“Back home, a beer would cost about $10.
“Here you can sip on a cold brew for as little as $2. Even if you only drank one beer a week, that’s a saving of $416 a year”, Michelle said.
You can read Michelle’s full article about the couple’s re-location and savings HERE.
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Chiang Mai’s current poor air quality and smoke haze is raising concerns on the potential impact on tourism as Thailand’s Songkran water festival approaches.
Smog has been a yearly occurrence in Northern Thailand, but this year the situation appears to be the worst with Chiang Mai topping the air pollution ranking and the media tracking daily results.
But La-iad Bungsrithong, president of the Thai Hotels Association (Northern Chapter), says there appears to be a short-term decline in the market.
However, she attributes the current performance to March being part of the traditional low season rather than the pollution, adding that there has been no booking cancellation from leisure or MICE guests.
The Songkran festival typically sees leisure demand for Chiang Mai from South-east Asia, Europe, China and Thailand. According to La-iad, room occupancy in April last year was 65 per cent, reaching 85 per cent during the Songkran period (April 12-14).
She expects similar figures for Songkran this year but also greater competition arising from new hotels around Chiang Mai and Airbnb.
Similarly, a spokesperson of Standard tour, Somchai Sandnee, said the company’s business has not been affected by the air pollution. Chinese tourists are less perturbed by smog issues than political turmoil and recent events such as the boat accident in Phuket last year, Somchai pointed out.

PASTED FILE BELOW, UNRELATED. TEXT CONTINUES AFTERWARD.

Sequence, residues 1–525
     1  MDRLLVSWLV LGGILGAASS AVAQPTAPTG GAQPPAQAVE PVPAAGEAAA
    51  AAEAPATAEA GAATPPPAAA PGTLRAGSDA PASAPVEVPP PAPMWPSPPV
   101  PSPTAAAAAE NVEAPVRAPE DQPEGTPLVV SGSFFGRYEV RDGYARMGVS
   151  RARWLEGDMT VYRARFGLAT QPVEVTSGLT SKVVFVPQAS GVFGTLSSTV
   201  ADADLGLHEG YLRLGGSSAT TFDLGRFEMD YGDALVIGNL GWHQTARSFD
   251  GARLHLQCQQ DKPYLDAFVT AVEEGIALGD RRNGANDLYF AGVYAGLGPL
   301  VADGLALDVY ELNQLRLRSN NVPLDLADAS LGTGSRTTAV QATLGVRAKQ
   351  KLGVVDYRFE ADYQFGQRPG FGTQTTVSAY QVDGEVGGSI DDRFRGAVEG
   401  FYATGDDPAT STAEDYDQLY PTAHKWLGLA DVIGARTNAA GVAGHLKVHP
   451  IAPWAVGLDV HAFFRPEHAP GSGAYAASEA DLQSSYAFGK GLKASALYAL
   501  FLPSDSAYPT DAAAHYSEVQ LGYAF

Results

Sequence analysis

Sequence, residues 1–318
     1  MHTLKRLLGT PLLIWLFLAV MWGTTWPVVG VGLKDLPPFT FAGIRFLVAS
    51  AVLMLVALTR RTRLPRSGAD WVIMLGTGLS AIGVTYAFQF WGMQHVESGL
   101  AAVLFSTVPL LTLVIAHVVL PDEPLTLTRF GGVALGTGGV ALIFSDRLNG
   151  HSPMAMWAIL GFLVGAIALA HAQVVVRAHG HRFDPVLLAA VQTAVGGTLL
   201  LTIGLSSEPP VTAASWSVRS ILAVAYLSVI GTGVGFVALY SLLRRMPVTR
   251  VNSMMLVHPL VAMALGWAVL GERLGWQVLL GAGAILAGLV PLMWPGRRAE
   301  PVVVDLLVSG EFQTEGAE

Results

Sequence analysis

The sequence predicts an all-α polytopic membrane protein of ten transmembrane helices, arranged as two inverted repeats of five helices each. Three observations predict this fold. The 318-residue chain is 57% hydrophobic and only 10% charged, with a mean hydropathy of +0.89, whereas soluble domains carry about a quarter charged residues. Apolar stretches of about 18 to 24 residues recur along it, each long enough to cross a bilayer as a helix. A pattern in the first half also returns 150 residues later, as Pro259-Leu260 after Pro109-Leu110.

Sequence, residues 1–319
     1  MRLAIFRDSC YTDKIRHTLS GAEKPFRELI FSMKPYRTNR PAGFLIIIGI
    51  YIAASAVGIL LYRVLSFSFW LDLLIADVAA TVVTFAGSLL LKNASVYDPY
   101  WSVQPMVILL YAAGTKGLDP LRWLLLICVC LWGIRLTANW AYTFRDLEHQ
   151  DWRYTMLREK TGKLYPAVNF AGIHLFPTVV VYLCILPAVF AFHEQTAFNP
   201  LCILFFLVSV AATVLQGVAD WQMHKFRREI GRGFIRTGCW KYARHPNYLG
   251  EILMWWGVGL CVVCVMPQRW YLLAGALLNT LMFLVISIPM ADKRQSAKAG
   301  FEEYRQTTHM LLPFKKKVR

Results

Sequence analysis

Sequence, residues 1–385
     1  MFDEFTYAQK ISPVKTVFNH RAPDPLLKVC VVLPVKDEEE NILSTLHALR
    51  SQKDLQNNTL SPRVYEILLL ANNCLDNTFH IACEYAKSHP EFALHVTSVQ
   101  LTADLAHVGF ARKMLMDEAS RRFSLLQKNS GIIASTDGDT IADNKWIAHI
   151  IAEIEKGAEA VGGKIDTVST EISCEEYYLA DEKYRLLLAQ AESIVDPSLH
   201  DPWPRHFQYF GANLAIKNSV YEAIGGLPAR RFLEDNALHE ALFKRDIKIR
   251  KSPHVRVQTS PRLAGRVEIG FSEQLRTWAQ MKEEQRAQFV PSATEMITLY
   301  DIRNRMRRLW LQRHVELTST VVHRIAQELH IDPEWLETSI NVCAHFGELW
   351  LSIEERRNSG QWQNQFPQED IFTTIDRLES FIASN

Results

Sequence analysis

Chotechuang Soorangura, associate managing director of NS Travel & Tours, also says he doesn’t see the smog having an impact on sales.
“The smog is considered an annual situation and our company always (issues) an advice to customers. In the case where customers really want to visit Chiang Mai, we will suggest they limit their stays in the city in favour of other provinces instead such as Sukhothai,” Chotechuang explained.
People living in the north of Thailand are being warned to brace themselves for some summer thunderstorms until Wednesday. The Meteorological Department issued an alert today saying the storms will be caused by a high-pressure system from China that will interact with the hot weather over upper Thailand.
Outbreaks of summer thunderstorms will be likely from today to March 27. Thundershowers, gusty winds and hail are possible first in the Northeast and the East then the Central, and the North region.
Are you affected?
North: Kamphaengphet, Phitsanulok, Phichit and Phetchabun.
Northeast: Nong Bua Lamphu, Sakon Nakhon, Nakhon Phanom, Udon Thani, Buri Ram, Surin, Si Sa Ket and Ubon Ratchathani.
Central: Nakhon Sawan, Chai Nat, Lop Buri and Saraburi.East: Nakhon Nayok, Prachin Buri, Sa Kaeo and Chachoengsao.
North: Kamphaengphet, Phitsanulok, Phichit and Phetchabun.
Northeast: Nong Bua Lamphu, Udon Thani, Khon Kaen, Loei, Chaiyaphum, Nakhon Ratchasima, Buri Ram, Surin, Si Sa Ket and Ubon Ratchathani.
Central: Uthai Thani, Nakhon Sawan, Chai Nat, Lop Buri, Saraburi and Phra Nakhon Si Ayutthaya including Bangkok and its vicinity.
East: Nakhon Nayok, Prachin Buri, Sa Kaeo and Chachoengsoa.